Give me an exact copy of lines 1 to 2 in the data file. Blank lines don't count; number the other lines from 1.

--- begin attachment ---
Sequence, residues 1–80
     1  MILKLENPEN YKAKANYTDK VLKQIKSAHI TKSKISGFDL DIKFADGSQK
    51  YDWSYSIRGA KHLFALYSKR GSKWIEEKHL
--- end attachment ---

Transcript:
Sequence, residues 1–80
     1  MILKLENPEN YKAKANYTDK VLKQIKSAHI TKSKISGFDL DIKFADGSQK